I nodded, not wanting to break the spell by speaking.
I nodded again. That had horrified me, I couldn’t imagine
not falling in love, courting, all that comes with the fun of meeting someone
special, dressing up to go out, etc. The coffee mug warmed my hands, as I
“Well, my parents were married like that.”
Rather than actually seeing it, I felt my jaw hit the
floor. “You’re kidding!” I exclaimed without thinking.
“Nope.” He shook his head, watching me with
amusement.“They’d never even seen one another. Married in a little village in
Poland called Tarnapole. It is gone now--burned to the ground by the Nazis, I
think.” His eyes misted over, but continued anyway. “My mother got pregnant
with your Aunt Rebecca almost immediately. My dad was a barrel maker--and a
fine woodworker. He made furniture for people as well. Six months after Rebecca
was born, my mother got pregnant again--with Aunt Rachel. The pogroms went on
at that time, and getting worse every day from what I gathered from my parents.
Money and food were running out. It was quite desperate. My father decided to
come to America, make some money with my mother’s brother who already lived
here in New York, then send for my mother and the two girls. He left taking
nearly two months to get to New York. It was barely three weeks after he
stepped onto Ellis Island when World War One started. My mother and your aunts
were trapped for the next three years. For a while, my dad could get in touch
with them. He sent money, but after about a year, the lines were totally cut
off. He didn’t know where they were, if they were even alive. As far as I know,
he kept working, saving money. My mother on the other hand, was starving. The
pogroms were continuing. The Cossacks were riding through villages, raping
women and running everything that moved through with a sword.” He licked his
lips, concentrating, clearly thinking about what it must have been like for his
mother. My hair stood on end.
“One day, my mother was in the town rather than at their
farm when the Cossacks came riding in. One grabbed my mother around the waist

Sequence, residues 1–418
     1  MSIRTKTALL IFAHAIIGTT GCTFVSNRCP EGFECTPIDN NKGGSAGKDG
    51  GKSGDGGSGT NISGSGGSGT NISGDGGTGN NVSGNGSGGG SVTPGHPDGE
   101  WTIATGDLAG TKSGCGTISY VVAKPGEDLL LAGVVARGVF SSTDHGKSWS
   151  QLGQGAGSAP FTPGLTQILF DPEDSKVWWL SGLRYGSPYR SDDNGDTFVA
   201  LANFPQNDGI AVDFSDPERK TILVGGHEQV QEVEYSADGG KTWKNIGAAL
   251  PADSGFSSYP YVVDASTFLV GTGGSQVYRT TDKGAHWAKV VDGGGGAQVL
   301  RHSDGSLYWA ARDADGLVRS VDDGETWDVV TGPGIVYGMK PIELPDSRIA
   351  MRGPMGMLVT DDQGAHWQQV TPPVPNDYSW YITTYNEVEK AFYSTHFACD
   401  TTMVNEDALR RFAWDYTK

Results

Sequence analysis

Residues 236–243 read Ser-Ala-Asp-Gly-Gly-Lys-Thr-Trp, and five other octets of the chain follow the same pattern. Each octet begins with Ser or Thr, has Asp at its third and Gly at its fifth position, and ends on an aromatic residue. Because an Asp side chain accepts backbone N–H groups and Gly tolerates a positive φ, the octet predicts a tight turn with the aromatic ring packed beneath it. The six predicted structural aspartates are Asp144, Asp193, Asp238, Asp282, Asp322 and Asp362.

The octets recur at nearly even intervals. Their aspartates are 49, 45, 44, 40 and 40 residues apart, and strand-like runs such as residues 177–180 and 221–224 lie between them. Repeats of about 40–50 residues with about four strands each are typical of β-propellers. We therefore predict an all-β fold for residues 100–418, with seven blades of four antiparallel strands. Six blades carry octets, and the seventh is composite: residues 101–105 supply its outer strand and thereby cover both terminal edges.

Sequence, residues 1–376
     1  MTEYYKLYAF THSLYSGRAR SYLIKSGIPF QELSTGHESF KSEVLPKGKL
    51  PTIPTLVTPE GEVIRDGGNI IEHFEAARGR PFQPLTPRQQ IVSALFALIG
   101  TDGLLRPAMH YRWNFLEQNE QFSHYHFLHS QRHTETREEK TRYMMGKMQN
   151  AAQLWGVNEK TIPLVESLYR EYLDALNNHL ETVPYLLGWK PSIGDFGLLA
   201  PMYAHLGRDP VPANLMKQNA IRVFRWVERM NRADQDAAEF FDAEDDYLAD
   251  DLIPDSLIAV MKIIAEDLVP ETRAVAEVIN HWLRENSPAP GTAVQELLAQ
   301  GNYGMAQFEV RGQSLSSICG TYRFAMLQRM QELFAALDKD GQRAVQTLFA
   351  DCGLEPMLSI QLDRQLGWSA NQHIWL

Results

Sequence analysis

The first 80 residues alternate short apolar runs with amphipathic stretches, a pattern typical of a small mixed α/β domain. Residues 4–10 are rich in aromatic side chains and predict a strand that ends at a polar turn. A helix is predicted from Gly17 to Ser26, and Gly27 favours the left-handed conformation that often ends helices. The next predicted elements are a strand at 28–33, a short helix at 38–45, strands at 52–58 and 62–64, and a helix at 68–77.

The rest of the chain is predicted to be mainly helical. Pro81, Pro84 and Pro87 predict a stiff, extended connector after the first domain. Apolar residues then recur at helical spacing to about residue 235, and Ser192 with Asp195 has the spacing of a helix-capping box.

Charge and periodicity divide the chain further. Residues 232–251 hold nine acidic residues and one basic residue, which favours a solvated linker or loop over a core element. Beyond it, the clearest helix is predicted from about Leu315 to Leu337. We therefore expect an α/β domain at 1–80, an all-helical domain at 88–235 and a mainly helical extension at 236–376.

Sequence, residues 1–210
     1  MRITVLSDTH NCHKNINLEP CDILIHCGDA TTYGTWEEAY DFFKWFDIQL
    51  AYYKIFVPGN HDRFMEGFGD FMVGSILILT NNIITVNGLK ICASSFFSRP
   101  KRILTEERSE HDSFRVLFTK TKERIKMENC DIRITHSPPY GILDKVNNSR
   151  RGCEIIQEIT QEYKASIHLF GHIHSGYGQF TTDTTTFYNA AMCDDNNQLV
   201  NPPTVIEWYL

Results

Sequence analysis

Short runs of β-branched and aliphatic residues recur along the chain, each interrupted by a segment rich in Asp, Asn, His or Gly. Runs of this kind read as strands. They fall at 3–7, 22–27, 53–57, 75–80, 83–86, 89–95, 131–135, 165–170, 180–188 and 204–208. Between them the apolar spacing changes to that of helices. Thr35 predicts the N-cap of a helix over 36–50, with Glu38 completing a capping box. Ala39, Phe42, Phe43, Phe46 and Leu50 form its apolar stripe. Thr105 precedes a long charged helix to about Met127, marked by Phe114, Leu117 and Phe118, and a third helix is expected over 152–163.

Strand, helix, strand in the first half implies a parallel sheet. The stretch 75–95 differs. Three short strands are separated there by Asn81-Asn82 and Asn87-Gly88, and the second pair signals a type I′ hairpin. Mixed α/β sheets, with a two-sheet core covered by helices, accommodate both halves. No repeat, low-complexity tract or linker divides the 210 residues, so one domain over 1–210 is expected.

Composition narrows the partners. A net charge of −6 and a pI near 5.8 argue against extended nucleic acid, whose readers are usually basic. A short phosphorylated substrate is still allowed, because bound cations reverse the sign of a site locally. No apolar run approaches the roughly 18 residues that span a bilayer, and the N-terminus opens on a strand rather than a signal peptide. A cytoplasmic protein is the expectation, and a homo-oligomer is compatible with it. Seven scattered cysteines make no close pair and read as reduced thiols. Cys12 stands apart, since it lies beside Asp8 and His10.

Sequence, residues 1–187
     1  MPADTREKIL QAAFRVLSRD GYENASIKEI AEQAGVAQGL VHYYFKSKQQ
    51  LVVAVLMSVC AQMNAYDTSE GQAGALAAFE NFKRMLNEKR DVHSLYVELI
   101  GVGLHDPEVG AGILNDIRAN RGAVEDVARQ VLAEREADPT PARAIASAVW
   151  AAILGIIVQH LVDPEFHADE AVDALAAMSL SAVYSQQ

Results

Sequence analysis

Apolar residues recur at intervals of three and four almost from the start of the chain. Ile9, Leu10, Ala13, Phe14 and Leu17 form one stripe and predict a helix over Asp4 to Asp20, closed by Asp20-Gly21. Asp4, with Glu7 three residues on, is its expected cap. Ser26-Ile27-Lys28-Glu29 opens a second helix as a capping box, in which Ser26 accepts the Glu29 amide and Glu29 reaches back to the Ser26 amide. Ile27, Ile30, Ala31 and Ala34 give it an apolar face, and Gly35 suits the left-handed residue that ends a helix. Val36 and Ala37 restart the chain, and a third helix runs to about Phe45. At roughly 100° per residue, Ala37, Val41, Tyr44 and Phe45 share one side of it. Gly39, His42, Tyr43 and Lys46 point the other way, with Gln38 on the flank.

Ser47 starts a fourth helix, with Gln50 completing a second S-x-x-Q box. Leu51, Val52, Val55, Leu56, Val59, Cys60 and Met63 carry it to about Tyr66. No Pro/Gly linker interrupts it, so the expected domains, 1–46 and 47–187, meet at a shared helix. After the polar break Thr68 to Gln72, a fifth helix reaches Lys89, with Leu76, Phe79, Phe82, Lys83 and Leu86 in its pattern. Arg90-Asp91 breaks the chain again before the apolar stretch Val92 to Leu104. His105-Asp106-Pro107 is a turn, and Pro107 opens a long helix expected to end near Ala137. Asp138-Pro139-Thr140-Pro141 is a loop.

and lifted her onto the horse while he was moving. He intended to rape her in
the saddle and kill her. She grabbed his pistol from out of the holster around
his waist. She shot him dead as they rode.”
My mouth was open and my eyes were far bigger than
saucers. My dad laughed at my expression. “I know. Totally amazing--she was an
amazing woman. She never told me that story. Her brother told me after she
died. I remember saying to him, ‘My Mother?’ I couldn’t believe it.”
“What happened?” I asked mesmerized. “How did she get away
He nodded solemnly. “I asked the same question. She rode
back to the farm. Her brothers buried the body. They slaughtered the horse and
ate the meat—they couldn’t keep it, even though it would have been great for
the farm, because it would have aroused suspicion and questions--but it was no
longer safe for her or your aunts. People had seen it happen. They knew it
wasn’t long before someone turned her in for a loaf of bread.” He bit the
inside of his cheek, just a bit; frightened for them even though he knew it
turned out alright.
“So she took what she could carry, along with my sisters
and started walking to America.”
“Walking? Are you serious?” I literally could not imagine
walking thousands of miles.
“Yep. She and my sisters hid in the woods during the day
and walked at night for months. Eventually, she joined a refugee line.”
“How long did it take?” I couldn’t imagine. The fear I
felt hearing about it was palpable--what must it have been like to go through
something like that?